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Scoring Rules for Forecast Verification

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  • 1 Laboratory for Environmental Monitoring and Modelling (LaMMA), Toscana, Italy
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Abstract

The problem of probabilistic forecast verification is approached from a theoretical point of view starting from three basic desiderata: additivity, exclusive dependence on physical observations (“locality”), and strictly proper behavior. By imposing such requirements and only using elementary mathematics, a univocal measure of forecast goodness is demonstrated to exist. This measure is the logarithmic score, based on the relative entropy between the observed occurrence frequencies and the predicted probabilities for the forecast events. Information theory is then used as a guide to choose the scoring-scale offset for obtaining meaningful and fair skill scores. Finally the Brier score is assessed and, for single-event forecasts, its equivalence to the second-order approximation of the logarithmic score is shown.

The large part of the presented results are far from being new or original, nevertheless their use still meets with some resistance in the weather forecast community. This paper aims at providing a clear presentation of the main arguments for using the logarithmic score.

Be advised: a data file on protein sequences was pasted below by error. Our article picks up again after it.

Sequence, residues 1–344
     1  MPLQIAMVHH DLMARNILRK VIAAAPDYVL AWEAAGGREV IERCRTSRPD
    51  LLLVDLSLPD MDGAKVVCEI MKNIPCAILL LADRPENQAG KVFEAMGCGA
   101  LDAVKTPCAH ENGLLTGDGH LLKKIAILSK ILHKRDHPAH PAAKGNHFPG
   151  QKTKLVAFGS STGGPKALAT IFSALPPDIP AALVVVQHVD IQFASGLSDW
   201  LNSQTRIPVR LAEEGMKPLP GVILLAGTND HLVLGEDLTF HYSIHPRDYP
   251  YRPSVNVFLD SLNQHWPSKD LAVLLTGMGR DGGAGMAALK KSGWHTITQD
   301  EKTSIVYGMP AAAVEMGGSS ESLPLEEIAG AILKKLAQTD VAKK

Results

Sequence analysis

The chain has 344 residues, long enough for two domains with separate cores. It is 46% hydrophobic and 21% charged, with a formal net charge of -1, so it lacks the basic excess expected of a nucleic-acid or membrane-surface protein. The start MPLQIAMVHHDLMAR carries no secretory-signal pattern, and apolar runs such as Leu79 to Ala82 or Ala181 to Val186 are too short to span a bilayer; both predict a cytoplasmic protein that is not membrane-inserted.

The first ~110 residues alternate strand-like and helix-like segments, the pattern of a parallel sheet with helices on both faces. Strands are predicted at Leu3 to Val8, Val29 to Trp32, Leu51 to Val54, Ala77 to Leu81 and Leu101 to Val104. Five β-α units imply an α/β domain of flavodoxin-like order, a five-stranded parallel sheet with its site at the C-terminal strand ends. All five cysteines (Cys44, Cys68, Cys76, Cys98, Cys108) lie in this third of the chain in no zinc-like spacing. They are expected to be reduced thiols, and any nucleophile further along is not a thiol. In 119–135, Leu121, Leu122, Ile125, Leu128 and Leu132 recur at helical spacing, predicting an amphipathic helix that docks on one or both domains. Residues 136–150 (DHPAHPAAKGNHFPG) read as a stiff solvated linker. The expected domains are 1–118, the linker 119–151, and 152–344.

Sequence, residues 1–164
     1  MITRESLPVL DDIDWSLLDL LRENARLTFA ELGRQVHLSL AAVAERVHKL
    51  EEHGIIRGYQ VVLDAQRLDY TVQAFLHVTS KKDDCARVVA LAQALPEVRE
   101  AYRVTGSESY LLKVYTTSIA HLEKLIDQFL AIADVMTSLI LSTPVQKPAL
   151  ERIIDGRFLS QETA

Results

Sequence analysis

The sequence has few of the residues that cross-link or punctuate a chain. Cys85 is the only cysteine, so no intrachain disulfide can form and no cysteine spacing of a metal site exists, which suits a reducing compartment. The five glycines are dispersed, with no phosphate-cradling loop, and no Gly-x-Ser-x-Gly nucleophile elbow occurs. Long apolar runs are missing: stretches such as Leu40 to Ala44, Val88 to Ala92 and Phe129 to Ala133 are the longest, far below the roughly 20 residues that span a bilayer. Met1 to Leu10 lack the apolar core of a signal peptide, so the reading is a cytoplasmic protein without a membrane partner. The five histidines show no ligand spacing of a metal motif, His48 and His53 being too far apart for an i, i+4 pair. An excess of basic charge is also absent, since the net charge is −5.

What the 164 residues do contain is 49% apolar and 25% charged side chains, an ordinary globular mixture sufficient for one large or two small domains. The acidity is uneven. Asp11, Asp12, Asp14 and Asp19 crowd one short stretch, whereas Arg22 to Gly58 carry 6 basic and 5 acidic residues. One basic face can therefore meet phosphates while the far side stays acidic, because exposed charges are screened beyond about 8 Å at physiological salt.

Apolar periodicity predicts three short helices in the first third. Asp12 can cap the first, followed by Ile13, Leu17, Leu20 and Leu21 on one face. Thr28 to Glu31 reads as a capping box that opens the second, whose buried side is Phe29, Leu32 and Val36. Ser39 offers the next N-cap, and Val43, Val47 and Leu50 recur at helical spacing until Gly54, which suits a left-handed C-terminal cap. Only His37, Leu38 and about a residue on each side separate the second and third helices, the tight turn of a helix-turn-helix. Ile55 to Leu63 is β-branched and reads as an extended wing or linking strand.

Corresponding author address: Riccardo Benedetti, Laboratory for Environmental Monitoring and Modelling (LaMMA), Building D, via Madonna del Piano, Sesto Fiorentino 50019, Italy. Email: benedetti@lamma.rete.toscana.it

Abstract

The problem of probabilistic forecast verification is approached from a theoretical point of view starting from three basic desiderata: additivity, exclusive dependence on physical observations (“locality”), and strictly proper behavior. By imposing such requirements and only using elementary mathematics, a univocal measure of forecast goodness is demonstrated to exist. This measure is the logarithmic score, based on the relative entropy between the observed occurrence frequencies and the predicted probabilities for the forecast events. Information theory is then used as a guide to choose the scoring-scale offset for obtaining meaningful and fair skill scores. Finally the Brier score is assessed and, for single-event forecasts, its equivalence to the second-order approximation of the logarithmic score is shown.

The large part of the presented results are far from being new or original, nevertheless their use still meets with some resistance in the weather forecast community. This paper aims at providing a clear presentation of the main arguments for using the logarithmic score.

Corresponding author address: Riccardo Benedetti, Laboratory for Environmental Monitoring and Modelling (LaMMA), Building D, via Madonna del Piano, Sesto Fiorentino 50019, Italy. Email: benedetti@lamma.rete.toscana.it

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